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Gearing Up to Climb Down

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Photo by Jospeh Chambers

You don’t need a degree in environmental science to explore the wilderness or a degree in geology to go caving. You do, however, need the appropriate gear! Gear included, there’s a lot that goes into planning a caving trip. This list isn’t comprehensive, but hopefully it gives you a good look into the kind of equipment you need for caving.

Keeping Your Feet Dry

Depending on the area you’re in, your caves may be wet or dry, and your choice of sock will reflect that. You also don’t want to layer up too much. You might restrict your circulation and get cold and numb anyway. The best bang for your buck is going to be neoprene or neoprene-hybrid socks, since they are sturdy against water and able to keep you warm—all in a thin package!

Keeping Your Eyes Peeled

When caving, you need three sources of light packed on your person for safety. Caves are dark, and if you drop one or even two, then you won’t be stuck without any light. Most people opt for headlamps for their first two light sources, since this leaves their hands free to do the fun stuff that keeps you moving and alive in a caving environment. But for your third, you can be a bit more flexible, and many people go for a handheld light.

A popular and durable handheld option (that you can customize every aspect of!) is the Emisar D4V2 High Power LED Flashlight. This is a good bang-foryour-buck option for starting out.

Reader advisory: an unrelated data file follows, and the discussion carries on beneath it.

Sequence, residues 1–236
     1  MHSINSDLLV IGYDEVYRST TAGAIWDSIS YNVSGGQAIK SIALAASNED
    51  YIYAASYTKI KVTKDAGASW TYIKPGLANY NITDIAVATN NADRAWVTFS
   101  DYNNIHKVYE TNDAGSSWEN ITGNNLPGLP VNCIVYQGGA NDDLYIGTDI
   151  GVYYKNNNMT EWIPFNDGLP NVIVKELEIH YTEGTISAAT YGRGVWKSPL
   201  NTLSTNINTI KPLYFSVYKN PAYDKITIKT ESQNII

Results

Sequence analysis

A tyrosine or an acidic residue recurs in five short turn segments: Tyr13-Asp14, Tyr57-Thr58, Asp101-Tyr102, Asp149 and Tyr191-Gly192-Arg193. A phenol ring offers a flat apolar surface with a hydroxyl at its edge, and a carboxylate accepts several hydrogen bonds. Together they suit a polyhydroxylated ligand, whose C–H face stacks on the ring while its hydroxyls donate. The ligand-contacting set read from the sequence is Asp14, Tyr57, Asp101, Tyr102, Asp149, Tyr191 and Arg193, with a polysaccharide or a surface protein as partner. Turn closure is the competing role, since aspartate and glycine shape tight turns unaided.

Keeping Your Core Warm

Tight spots, muddy walls and pools of murky water— all of these common cave experiences will shred, ruin, and soak even the sturdiest everyday clothes. Getting a good set of caving coveralls that can and will keep you safe is crucial to surviving and enjoying your caving experiences. There are several considerations to make when buying coveralls: budget, lined versus unlined, and normal nylon versus the stronger cordura.

We can’t cover all of the options in this article, but Aventure Verticale is a shop with all the selection you could need from a reliable and rugged brand, with a few options designed specifically for women.

Photo by Salajean

Getting Out There

There is a lot more than gear that goes into caving, however. Do your research, buy your gear (from this article’s advice and other sources), and always take a buddy. To get more information and to link up with like-minded explorers, look for your local grotto online, and make some new friends to explore the dark and dank recesses of the world.
—Joseph Chambers